Til Barsip

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Til Barsip
تل أحمر
Til Barsip is located in Syria
Til Barsip
Magnify-clip.png
Shown within Syria
Alternate name Tell Ahmar
Location Eastern Syria
Region Mesopotamia
Coordinates 36°40′26″N 38°07′16″E / 36.674°N 38.121°E / 36.674; 38.121
Type Settlement
Area 50 hectares (120 acres)
History
Periods Assyrian
Site notes
Condition Ruins
Management Directorate-General of Antiquities and Museums
Public access Yes

Til Barsip or Til Barsib (modern Tell Ahmar; Arabic: تل أحمر‎) is an ancient site situated in Aleppo Governorate, Syria by the Euphrates river about 20 kilometers south of ancient Carchemish.

History[edit]

The site was inhabited as early as the Neolithic period, but it is the remains of the Iron Age city which is the most important settlement at Tell Ahmar. It was known in Hittite as Masuwari.[1][2] The city remained largely Neo-Hittite up to its conquest by the Neo-Assyrian Empire in the 856 BC and the Luwian language was used even after that.[3][4] Til Barsip was in the area of the Aramean-speaking Syro-Hittite state of Bît Adini. After being captured by the Assyrians the city was then renamed as Kar-Šulmānu-ašarēdu, after the Assyrian king Shalmaneser III, though its original name continued in use. It became a prominent center for the Assyrian administration of the region due to its strategic location at a crossing of the Euphrates river.

Archaeology[edit]

The tell was first examined by David George Hogarth, who proposed the identification as Til Barsip.[5] The site was visited in 1909 by Gertrude Lowthian Bell who also took squeezes from some of the inscriptions there.[6][7] The site of Tell Ahmar was excavated by the French archaeologist François Thureau-Dangin from 1929 to 1931.[8] He uncovered the Iron Age city and an Early Bronze Age hypogeum burial with a large amount of pottery. Three important steles were also discovered at the site. These record how the 8th century BC Aramean king Bar Ga'yah, who may be identical with the Assyrian governor Shamshi-ilu, made a treaty with the city of Arpad. Recent excavations at Tell Ahmar were conducted by Guy Bunnens from the University of Melbourne in the late 1980s and through to the present.[9][10][11][12] Many ivory carvings of outstanding quality were discovered and these were published in 1997. Current excavations are under the auspices of the University of Liège, Belgium.[13]

Ahmar Qubbah stele[edit]

A Luwian Ahmar Qubbah stele was found in this area.[14] It commemorates a military campaign by king Hamiatas of Masuwari around 900 BC. Also, the cult of the deity 'Tarhunt of the Army' was established.

The stele indicates that the first king of Masuwari was named Hapatila, which may represent an old Hurrian name Hepa-tilla.

Notes[edit]

  1. ^ Hawkins, John D. Inscriptions of the Iron Age. Retrieved 7 Dec. 2010.
  2. ^ J. D. Hawkins, The Hittite Name of Til Barsip: Evidence from a New Hieroglyphic Fragment from Tell Ahmar, Anatolian Studies, vol. 33, Special Number in Honour of the Seventy-Fifth Birthday of Dr. Richard Barnett, pp. 131-136, 1983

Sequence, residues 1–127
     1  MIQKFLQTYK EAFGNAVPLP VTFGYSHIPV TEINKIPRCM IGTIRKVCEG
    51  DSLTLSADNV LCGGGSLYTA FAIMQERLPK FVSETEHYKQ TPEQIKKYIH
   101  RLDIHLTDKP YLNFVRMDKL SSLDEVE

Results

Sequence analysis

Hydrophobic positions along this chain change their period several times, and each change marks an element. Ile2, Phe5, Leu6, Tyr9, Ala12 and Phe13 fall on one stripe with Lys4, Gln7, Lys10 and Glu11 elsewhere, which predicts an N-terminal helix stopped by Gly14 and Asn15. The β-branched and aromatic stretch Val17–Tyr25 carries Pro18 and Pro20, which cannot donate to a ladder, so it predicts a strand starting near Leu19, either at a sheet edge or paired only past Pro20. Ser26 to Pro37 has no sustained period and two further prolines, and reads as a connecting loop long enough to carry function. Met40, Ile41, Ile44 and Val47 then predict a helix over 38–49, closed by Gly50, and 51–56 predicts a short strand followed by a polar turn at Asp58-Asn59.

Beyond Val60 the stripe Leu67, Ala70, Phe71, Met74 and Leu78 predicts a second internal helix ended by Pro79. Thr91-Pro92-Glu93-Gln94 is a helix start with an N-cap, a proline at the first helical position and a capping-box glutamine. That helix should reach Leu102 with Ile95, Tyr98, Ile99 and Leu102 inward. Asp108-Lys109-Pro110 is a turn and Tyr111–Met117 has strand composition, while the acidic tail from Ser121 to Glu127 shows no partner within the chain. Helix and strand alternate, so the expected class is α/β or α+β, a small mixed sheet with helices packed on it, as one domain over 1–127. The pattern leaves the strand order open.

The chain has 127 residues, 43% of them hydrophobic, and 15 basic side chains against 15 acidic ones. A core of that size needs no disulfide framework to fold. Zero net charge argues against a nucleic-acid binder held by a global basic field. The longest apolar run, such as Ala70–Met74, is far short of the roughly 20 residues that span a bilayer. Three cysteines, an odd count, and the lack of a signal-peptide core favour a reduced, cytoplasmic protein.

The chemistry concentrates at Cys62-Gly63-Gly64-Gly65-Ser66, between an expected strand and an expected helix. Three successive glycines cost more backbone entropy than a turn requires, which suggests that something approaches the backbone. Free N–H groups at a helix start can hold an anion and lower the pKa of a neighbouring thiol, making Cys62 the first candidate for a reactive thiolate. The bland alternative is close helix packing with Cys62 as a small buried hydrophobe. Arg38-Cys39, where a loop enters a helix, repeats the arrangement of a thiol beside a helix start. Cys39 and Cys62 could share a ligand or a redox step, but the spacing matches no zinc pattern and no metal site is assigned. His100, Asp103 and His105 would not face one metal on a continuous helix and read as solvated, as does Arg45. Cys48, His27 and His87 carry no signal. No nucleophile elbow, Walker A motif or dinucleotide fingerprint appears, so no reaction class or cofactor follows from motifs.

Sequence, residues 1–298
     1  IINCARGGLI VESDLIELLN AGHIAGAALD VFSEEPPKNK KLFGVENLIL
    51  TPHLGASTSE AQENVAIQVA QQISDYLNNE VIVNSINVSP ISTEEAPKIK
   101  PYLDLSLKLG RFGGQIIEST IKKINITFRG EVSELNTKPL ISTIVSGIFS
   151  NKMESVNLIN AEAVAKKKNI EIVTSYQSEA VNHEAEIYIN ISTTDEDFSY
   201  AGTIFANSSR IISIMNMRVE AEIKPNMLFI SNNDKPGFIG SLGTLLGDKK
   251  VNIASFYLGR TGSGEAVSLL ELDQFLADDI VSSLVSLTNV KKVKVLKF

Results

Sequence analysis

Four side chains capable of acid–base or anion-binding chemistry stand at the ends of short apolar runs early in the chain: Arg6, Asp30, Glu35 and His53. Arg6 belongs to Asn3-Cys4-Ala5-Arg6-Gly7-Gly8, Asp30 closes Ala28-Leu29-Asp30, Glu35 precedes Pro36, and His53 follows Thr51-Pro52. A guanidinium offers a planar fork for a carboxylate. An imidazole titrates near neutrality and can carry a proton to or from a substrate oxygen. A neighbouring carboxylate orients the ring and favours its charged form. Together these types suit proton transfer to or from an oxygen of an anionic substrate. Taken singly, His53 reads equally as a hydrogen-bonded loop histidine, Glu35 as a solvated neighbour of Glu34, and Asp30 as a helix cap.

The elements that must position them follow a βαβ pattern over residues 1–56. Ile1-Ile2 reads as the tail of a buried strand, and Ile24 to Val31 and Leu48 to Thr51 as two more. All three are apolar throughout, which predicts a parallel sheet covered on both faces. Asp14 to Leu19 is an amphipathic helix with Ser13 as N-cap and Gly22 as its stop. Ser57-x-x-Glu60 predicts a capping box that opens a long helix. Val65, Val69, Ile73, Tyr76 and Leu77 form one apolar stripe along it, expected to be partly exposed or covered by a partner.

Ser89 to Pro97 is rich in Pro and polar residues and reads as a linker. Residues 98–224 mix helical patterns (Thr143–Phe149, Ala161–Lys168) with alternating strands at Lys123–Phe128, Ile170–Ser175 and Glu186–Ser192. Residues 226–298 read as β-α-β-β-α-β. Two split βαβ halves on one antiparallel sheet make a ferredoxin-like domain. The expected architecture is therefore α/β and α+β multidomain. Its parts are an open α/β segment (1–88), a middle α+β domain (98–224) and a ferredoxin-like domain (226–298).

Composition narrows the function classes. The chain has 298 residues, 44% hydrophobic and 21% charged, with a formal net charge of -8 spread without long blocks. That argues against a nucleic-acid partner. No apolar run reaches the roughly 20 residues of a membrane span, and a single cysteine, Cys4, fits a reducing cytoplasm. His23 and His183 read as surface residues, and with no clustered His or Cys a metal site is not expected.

3. ^ J. D. Hawkins, The "Autobiography of Ariyahinas's Son": An Edition of the Hieroglyphic Luwian Stelae Tell Ahmar 1 and Aleppo 2, Anatolian Studies, vol. 30, Special Number in Honour of the Seventieth Birthday of Professor O. R. Gurney, pp. 139-156, 1980
  4. ^ Fred C. Woudhuizen, The Recently Discovered Luwian Hieroglyphic Inscription from Tell Ahmar, Ancient West & East, vol. 9, pp. 1-19, 2010
  5. ^ D. G. Hogarth, Recent Hittite Research, The Journal of the Royal Anthropological Institute of Great Britain and Ireland, vol. 39, pp. 408-415, 1909
  6. ^ Gertrude Lowthian Bell, The East Bank of the Euphrates from Tel Ahmar to Hit, The Geographical Journal, vol. 36, no. 5, pp. 513-537, 1910
  7. ^ [1] Gertrude Lowthian Bell, Amurath to Amurath, W. Heinemann, 1911
  8. ^ François Thureau-Dangin, Tell-Ahmar, Syria, vol. 10, iss. 10-3, pp. 185-205, 1929
  9. ^ Guy Bunnens, Tell Ahmar, 1988 Season, Ancient Near Eastern Studies Supplement Series, vol. 2, Peeters, 1990, ISBN 978-90-6831-322-2
  10. ^ Guy Bunnens, Melbourne University Excavations at Tell Ahmar on the Euphrates. Short Report on the 1989-1992 Seasons, Akkadica, no. 79-80, pp. 1-13, 1992
  11. ^ Guy Bunnens et al, Tell Ahmar II. A New Luwian Stele and the Cult of the Storm-God at Til Barsib-Masuwari, Publications de la Mission archéologique de l'Université de Liège en Syrie, Peeters, 2006, ISBN 978-90-429-1817-7
  12. ^ A. Jamieson, Tell Ahmar III. Neo-Assyrian Pottery from Area C, Ancient Near Eastern Studies Supplement Series, vol. 35, Peeters, 2011, ISBN 978-90-429-2364-5
  13. ^ Guy Bunnens, Tell Ahmar / Til Barsib, The Fourteenth and Fifteenth seasons (2001/2002), Orient Express, pp. 40-43, 2003
  14. ^ Bunnens, Guy; Hawkins, J.D.; Leirens, I. (2006). Tell Ahmar II. A New Luwian Stele and the Cult of the Storm-God at Til Barsib-Masuwari. Leuven,Belgium: Peeters. ISBN 978-90-429-1817-7. 

See also[edit]

References[edit]

  • Guy Bunnens, "Carved ivories from Til Barsib", American Journal of Archaeology, vol. 101, no.3, pp. 435–450, (July 1997). Online version by JSTOR
  • Arlette Roobaert, "A Neo-Assyrian Statue from Til Barsib", Iraq, vol. 58, pp. 79–87, 1996
  • Stephanie Dalley, "Neo-Assyrian Tablets from Til Barsib", Abr-Nahrain, vol. 34, pp. 66–99, 1996–1997
  • Pierre Bordreuil and Françoise Briquel-Chatonnet, "Aramaic Documents from Til Barsip", Abr-Nahrain, vol. 34, pp. 100–107, 1996–1997
  • R. Campbell Thompson, "Til-Barsip and Its Cuneiform Inscriptions", PSBA, vol. 34, pp. 66–74, 1912.
  • Arlette Roobaert, "The Middle Bronze Age Funerary Evidence from Tell Ahmar (Syria)", Ancient Near Eastern Studies, vol. 35, pp. 97–105, 1998
  • Max E.L. Mallowan, "The Syrian City of Til-Barsib", Antiquity, vol. 11, pp. 328–39, 1937

External links[edit]